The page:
Dancing at Jaffa documents the true story of an intercultural experiment aimed at uniting two groups of children in a very unusual way: through a ballroom dance class. French ballroom dance champion Pierre Fontaine returns to Jaffa, Israel – a suburb of Tel Aviv and the city of his birth – to see how he can best contribute to the people of a divided city in a divided nation. The idea of a ballroom dance class is brilliant, and especially the way he did it, by making Jewish boys dance with Palestinian girls, and Palestinian boys with Jewish girls. Of course, the program does not run smoothly; the scenes where the children meet for the first time are wonderfully awkward, and their reactions are candid and honest. Slowly, though, the resistance to look at, to touch, and to dance with the partner of the opposite sex and religion melts away, and by the end, they all (well, most of them) dance in a competition in front of a crowd of parents, family, and friends from both communities. Other than Pierre, two of the trajectories are those of Noor, a chubby Palestinian girl who can be either incredibly shy and withdrawn, avoiding everyone or hostile and belligerent, attacking and scaring everyone; and that of Lois and Alaa. We do not learn about Noor’s partner, but we do learn that Alaa comes from a very poor Palestinian home at which Lois is shocked, and that Lois’s thing is that she was fathered by a sperm donor, which prompts an adorable scene where she tries to explain to her partner what a sperm bank is, and then is followed by an awkwardly graphic scene where Lois’s mother gives Alaa the intimate details of her procedure and of the reproductive process. She’s a wily one, that lady. Noor’s arc basically ends with her in control of her emotions and actually proving to be a very talented dancer, and Lois and Alaa take us out with a scene where they row Alaa’s father’s boat and it’s all very Hand in Hand and gooey as the credits roll.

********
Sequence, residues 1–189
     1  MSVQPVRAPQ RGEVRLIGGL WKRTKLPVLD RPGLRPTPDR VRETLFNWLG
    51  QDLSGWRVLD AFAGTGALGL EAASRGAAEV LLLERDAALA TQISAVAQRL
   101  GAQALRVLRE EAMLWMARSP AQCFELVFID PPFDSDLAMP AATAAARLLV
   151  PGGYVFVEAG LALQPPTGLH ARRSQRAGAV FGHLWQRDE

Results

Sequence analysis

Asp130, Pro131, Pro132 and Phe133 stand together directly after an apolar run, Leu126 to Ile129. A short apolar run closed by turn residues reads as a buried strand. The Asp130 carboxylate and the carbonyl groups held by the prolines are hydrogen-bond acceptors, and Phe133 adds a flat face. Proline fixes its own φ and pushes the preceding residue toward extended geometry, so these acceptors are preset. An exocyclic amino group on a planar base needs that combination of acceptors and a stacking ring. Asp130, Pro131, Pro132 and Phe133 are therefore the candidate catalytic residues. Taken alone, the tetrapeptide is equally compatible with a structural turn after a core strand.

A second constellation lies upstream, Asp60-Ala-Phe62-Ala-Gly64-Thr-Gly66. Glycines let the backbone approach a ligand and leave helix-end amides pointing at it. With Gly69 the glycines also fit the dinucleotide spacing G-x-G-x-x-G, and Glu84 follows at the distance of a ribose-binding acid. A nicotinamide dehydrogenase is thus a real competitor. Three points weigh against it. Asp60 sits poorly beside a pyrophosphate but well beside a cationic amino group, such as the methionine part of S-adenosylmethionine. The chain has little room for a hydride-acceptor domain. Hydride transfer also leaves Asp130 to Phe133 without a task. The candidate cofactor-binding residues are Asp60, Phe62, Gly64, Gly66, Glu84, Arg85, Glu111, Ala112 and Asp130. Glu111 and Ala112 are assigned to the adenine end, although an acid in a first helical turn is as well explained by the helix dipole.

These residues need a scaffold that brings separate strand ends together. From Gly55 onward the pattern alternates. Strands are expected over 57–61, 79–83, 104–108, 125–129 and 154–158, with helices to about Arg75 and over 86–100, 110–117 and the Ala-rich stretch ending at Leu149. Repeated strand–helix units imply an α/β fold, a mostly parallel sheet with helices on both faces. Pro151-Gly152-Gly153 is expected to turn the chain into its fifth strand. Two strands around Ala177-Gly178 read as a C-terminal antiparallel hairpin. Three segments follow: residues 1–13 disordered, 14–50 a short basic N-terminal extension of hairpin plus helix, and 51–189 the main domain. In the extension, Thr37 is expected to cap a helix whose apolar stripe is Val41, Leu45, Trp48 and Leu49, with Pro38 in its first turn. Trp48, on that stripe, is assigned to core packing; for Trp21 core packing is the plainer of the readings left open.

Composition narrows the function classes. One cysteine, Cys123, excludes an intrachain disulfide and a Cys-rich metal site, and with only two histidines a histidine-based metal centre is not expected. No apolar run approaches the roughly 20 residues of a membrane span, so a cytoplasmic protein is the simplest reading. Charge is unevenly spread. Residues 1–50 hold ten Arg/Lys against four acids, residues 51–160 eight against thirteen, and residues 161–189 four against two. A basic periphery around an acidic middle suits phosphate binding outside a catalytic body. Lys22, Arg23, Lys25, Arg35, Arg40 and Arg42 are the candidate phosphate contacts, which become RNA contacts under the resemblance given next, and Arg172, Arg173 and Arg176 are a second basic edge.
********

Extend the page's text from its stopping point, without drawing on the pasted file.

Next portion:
The concept of the film is great; cute kids and a fun project. If the synopsis weren’t enough, the trailers made me want to jump right up and buy a copy of the movie for myself. However, as I mentioned before, it was not a cakewalk to sit through.